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  • Socrates, Sneezing and Daemons December 31, 2011

    Author: Beach Combing | in : Ancient , trackback

    Socrates is the bedrock on which the western philosophical tradition has been built. You can polish him like Plotinus. You can take your geological hammer and tap gently at his sides in the style of Aristotle (poor dolt). Or you can start smashing bottles of nitric acid on his stone-work as Nietzsche did. The fact is that Socrates and his tiresome amanuensis Plato remain the foundation of every philosophical argument.

    It is then rather unnerving to learn what extraordinarily silly things Socrates believed in. Apart from all the self-indulgent claptrap about not escaping from Athens when he was sentenced to death, there is also his faith in sneezes.

    I have it from one of the Megarian school, who has it from Terpsion, that Socrates’ sign was a sneeze, his own and others’: thus, when another sneezed at his right, whether behind or in front, he proceeded to act, but if at his left, he desisted; while of his own sneezes the one that occurred when he was on the point of acting confirmed him in what he had set out to do, whereas the one occurring after he had already begun checked and prevented his movement.

    If you were an adversary of Socrates then all you had to do was have a friend with a cold go and sit to the philosopher’s left before a debate began.

    More interesting and no less unusual was Socrates’ internal voice, a voice he claimed that he had heard since his youngest childhood ‘a sort of voice that comes to me’.

    Beachcombing discussed in this place recently the power of auditory hallucination and perhaps even the most stolidly materialist of us can hear a voice within, be that voice the echo of long-ago parental admonitions, conscience or, why not, consciousness.

    So what, this materialist might then argue, Socrates sometimes listened to himself: nothing to see, move on… He was, after all, a philosopher! But this voice was allegedly a daemon (a spirit) and it was not just a question of random thoughts become Word. Take this remarkable fragment also from Plutarch.

    But once when I was present, as I went to Euthyphron the soothsayer’s, it happened, Simmias, for you remember it, that Socrates walked up to Symbolum and the house of Andocides, all the way asking questions and jocosely perplexing Euthyphron. When standing still upon a sudden and persuading us to do the like, he mused a pretty while, and then turning about walked through Trunk-makers’ Street, calling back his friends that walked before him, affirming that it was his Daemon’s will and admonition. Many turned back, amongst whom I, holding Euthyphron, was one; but some of the youths keeping on the straight way, on purpose (as it were) to confute Socrates’s Daemon, took along with them Charillus the piper, who came in my company to Athens to see Cebes. Now as they were walking through Gravers’ Row near the court-houses, a herd of dirty swine met them; and being too many for the street and running against one another, they overthrew some that could not get out of the way, and dirtied others; and Charillus came home with his legs and clothes very dirty; so that now and then in merriment they would think on Socrates’s Daemon, wondering that it never forsook the man, and that Heaven took such particular care of him.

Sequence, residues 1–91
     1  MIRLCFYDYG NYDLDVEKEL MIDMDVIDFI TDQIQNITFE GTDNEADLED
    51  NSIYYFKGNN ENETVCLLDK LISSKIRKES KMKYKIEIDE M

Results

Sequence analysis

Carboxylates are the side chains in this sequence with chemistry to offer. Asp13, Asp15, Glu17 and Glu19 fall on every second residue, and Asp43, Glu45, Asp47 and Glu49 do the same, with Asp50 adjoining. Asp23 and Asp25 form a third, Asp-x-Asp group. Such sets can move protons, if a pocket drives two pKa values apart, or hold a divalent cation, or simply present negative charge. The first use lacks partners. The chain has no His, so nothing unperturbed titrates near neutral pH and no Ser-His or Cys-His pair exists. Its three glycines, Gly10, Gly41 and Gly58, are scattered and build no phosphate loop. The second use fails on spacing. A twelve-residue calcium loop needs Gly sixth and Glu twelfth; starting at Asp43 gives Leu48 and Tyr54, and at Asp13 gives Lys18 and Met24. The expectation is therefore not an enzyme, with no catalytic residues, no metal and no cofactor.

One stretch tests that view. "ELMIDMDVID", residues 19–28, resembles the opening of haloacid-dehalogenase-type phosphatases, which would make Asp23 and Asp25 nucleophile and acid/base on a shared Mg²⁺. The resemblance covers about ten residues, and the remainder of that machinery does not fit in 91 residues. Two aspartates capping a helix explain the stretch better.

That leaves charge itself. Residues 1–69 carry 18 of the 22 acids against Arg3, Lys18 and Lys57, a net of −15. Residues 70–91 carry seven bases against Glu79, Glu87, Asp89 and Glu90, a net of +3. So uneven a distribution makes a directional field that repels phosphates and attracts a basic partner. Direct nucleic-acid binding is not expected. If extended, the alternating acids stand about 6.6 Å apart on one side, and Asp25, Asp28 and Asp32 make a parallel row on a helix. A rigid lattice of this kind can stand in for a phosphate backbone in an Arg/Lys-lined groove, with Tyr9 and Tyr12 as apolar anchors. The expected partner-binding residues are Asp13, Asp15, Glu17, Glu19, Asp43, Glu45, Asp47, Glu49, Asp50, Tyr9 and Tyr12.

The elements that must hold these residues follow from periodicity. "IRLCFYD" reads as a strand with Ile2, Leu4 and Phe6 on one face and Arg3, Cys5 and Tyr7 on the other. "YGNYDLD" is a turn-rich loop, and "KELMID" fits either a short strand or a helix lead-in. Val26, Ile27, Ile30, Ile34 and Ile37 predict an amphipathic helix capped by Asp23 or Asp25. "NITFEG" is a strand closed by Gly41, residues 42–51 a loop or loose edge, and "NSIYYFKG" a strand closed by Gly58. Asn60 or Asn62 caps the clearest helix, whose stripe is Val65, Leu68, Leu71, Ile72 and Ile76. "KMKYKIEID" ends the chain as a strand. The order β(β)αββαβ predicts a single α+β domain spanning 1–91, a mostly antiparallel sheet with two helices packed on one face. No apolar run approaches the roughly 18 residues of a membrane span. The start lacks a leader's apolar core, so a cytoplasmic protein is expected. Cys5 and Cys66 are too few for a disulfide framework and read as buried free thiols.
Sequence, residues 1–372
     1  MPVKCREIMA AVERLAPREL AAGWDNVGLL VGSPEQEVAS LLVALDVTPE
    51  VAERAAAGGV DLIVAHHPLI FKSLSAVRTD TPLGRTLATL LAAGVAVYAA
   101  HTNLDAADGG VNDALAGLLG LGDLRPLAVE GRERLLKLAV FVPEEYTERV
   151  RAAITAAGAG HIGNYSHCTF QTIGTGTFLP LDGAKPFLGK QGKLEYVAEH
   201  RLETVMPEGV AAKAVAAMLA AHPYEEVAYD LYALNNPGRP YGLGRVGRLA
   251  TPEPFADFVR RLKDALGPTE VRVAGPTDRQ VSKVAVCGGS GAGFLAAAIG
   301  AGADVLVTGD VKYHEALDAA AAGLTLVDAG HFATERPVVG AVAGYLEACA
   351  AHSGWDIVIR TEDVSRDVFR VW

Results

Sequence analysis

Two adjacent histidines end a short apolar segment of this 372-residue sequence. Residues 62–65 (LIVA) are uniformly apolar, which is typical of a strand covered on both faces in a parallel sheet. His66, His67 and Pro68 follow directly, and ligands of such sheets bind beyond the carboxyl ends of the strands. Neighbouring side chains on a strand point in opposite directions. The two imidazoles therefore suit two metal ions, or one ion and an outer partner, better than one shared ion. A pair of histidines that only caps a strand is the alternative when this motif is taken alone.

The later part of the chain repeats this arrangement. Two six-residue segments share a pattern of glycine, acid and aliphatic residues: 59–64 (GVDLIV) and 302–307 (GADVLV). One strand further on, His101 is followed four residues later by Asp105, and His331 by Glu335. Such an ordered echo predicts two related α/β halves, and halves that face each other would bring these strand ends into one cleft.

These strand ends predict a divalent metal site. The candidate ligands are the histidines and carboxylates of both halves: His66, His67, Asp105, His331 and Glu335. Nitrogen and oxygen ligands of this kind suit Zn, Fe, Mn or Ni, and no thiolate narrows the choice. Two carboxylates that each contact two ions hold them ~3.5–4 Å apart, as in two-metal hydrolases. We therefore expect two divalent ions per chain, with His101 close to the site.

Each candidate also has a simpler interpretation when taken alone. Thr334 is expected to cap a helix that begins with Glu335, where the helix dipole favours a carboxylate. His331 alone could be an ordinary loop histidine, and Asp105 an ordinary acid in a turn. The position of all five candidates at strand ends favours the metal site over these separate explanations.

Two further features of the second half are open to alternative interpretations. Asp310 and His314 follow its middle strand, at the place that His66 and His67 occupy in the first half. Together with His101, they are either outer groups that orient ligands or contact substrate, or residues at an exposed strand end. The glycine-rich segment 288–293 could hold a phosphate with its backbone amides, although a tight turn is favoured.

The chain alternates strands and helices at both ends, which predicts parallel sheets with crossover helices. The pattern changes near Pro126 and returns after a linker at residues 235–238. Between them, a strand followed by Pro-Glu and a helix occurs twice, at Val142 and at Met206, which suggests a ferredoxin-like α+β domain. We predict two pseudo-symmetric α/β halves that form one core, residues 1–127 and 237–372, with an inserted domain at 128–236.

The key-stone of western philosophy then avoided being dirtied on the street because an interior voice told him to take another route: this is bizarre indeed! It certainly has nothing to do with ‘parental echoes’ or Quakers trying, in silence, to distinguish good from evil by looking within.

    Interestingly Socrates’ voice was supposed only to ever speak when it wanted Socrates not to do something.  Not sure what to make of that.

    Near contemporary sources (Plato) demonstrate that Socrates really had such a voice (or believed he did); unfortunately the passages above come from Plutarch and are of uncertain value as they are late.

    Any other ‘voices’ in history: drbeachcombing AT yahoo DOT com Beachcombing remembers Joan of Arc.